I was used to pregnancies ending early. At six or twelve weeks. And if they lasted longer than that, I was used to delivering early. At 18 weeks. Or at 24.
So when Maeve was born after 40 weeks, big and round and full-term, I could hardly believe the size of her. She weighed eight pounds and looked to me like she could have been eating a toffee apple at a school fete.
I’d only had a one-pound baby in an Intensive Care Unit. Elsie had her own nurse, one-on-one, 24 hours a day for the first three months of her life.
I was used to sitting with that nurse and answering, ‘Yes please,’ when they’d ask if we wanted to touch her or help change her nappy through the portholes in the humidicrib.
When Elsie graduated from Intensive Care, she spent a further two months in a Special Care Unit, where she’d shared a nurse with a few other babies. Even that hadn’t seemed right.
Now this big crawling-sized baby we’d named Maeve was laying there in her crib with no one watching her. No wires, no monitors, no alarms to let us know if she was breathing or her heart had stopped or her oxygen levels had dropped too low.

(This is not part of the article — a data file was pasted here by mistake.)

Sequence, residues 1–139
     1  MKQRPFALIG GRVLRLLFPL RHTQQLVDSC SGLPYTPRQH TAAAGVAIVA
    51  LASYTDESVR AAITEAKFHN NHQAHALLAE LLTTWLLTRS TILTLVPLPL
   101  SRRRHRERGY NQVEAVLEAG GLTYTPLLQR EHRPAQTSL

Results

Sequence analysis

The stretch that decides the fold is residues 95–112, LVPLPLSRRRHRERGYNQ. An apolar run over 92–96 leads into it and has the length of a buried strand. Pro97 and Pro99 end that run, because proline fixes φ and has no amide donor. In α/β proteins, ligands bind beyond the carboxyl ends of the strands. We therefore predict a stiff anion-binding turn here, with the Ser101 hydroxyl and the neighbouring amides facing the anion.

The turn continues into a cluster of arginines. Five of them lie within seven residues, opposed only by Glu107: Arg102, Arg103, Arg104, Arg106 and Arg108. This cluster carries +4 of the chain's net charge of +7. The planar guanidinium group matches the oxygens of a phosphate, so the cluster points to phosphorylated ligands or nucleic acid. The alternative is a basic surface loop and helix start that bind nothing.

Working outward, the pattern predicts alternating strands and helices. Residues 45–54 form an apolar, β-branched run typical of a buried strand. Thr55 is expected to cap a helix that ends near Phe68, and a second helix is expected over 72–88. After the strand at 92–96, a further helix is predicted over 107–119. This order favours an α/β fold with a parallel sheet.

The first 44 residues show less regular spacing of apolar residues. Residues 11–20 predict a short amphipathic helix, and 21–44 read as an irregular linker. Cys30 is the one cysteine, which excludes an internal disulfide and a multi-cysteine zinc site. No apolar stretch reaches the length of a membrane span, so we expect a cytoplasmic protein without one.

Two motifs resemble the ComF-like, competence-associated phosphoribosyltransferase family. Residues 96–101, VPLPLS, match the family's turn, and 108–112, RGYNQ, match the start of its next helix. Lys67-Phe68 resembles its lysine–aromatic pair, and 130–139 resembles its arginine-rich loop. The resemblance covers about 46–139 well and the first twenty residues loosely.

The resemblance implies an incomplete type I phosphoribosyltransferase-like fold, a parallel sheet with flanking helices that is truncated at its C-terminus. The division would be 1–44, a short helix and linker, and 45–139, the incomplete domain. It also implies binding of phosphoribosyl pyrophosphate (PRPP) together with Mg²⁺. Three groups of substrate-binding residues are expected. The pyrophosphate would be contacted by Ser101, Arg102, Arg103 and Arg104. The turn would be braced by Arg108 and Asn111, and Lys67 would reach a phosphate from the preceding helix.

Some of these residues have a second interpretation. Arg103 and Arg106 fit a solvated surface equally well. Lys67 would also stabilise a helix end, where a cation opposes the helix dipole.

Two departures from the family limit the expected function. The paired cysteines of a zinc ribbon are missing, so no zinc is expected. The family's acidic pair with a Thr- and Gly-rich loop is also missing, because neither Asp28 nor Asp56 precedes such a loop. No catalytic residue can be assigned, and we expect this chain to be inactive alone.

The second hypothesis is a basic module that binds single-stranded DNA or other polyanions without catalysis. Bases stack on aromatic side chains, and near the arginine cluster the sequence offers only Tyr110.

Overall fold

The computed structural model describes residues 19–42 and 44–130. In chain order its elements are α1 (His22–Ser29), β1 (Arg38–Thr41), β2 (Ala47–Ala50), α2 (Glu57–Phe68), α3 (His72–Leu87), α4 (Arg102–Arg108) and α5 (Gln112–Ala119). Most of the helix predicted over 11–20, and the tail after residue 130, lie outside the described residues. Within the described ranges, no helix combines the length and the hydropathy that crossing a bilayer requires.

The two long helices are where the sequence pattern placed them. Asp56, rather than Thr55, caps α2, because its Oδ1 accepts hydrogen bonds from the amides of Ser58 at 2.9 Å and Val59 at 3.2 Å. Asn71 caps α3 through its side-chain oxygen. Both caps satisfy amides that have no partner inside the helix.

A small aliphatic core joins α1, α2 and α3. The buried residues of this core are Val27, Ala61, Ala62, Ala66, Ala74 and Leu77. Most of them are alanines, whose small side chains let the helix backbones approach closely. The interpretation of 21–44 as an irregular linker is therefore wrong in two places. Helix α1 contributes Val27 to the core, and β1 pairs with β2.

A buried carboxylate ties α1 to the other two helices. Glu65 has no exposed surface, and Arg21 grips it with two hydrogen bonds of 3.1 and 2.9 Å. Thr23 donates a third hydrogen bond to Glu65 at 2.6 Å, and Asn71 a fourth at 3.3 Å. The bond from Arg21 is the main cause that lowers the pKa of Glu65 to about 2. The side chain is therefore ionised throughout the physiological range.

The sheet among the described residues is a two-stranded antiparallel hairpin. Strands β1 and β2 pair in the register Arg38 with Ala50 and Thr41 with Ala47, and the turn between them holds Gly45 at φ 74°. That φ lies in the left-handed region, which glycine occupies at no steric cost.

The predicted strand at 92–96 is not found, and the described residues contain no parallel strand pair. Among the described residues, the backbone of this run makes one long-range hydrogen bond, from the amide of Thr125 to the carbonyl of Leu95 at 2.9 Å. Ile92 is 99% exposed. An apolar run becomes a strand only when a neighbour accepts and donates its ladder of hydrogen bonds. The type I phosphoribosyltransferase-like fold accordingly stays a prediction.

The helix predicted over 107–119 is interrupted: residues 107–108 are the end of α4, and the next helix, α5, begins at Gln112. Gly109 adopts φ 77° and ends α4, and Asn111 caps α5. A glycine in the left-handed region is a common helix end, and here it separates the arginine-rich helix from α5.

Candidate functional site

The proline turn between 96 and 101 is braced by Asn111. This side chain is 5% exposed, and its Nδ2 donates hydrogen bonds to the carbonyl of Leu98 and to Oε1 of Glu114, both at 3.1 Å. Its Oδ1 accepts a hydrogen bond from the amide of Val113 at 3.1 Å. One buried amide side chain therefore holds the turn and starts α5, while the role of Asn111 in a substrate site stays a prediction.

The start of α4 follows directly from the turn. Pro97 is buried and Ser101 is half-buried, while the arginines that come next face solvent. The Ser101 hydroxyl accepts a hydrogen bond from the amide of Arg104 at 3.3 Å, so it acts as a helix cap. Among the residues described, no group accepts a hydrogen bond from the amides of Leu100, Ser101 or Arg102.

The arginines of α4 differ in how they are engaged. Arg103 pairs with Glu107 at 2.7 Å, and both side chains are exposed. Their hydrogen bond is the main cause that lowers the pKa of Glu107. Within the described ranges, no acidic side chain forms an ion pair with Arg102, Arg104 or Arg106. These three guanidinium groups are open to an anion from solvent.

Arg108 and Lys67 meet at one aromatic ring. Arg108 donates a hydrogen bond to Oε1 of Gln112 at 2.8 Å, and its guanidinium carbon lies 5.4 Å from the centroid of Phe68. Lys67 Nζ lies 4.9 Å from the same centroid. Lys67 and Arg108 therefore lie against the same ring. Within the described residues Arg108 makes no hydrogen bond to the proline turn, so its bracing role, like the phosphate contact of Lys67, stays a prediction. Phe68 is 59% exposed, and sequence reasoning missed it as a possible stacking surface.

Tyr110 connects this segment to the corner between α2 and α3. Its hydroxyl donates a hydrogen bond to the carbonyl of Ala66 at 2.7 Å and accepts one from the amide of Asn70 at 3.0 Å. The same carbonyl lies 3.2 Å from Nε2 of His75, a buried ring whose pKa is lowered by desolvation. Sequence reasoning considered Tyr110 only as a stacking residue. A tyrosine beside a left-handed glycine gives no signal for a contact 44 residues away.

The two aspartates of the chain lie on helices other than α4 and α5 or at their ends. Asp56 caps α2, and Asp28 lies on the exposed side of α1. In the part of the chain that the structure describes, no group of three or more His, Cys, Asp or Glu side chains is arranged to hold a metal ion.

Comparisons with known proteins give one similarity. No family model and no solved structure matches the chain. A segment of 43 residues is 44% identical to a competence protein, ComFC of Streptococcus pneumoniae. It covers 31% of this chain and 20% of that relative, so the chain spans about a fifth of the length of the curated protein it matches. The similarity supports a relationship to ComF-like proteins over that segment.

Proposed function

It didn’t seem right.
The nurse scribbled something in my chart and placed it back in its holder.
‘Isn’t anyone going to check the baby?’
‘She’s not the patient,’ the nurse said. ‘You are.’
‘Can I hold her?’ I asked.
‘Of course,’ the nurse said. ‘She’s yours.’
I walked over and scooped her up.
I looked around. It was just Maeve and me.
There had been no plan, no extra nurse called in to assist, no armchair wheeled in close enough for the tethered baby to remain connected.
‘We’ll look after you, little one,’ I told her.
And we’ve had the absolute joy of doing so for the last 11 years.
Happy birthday, you beautiful big kid. Thanks for choosing us.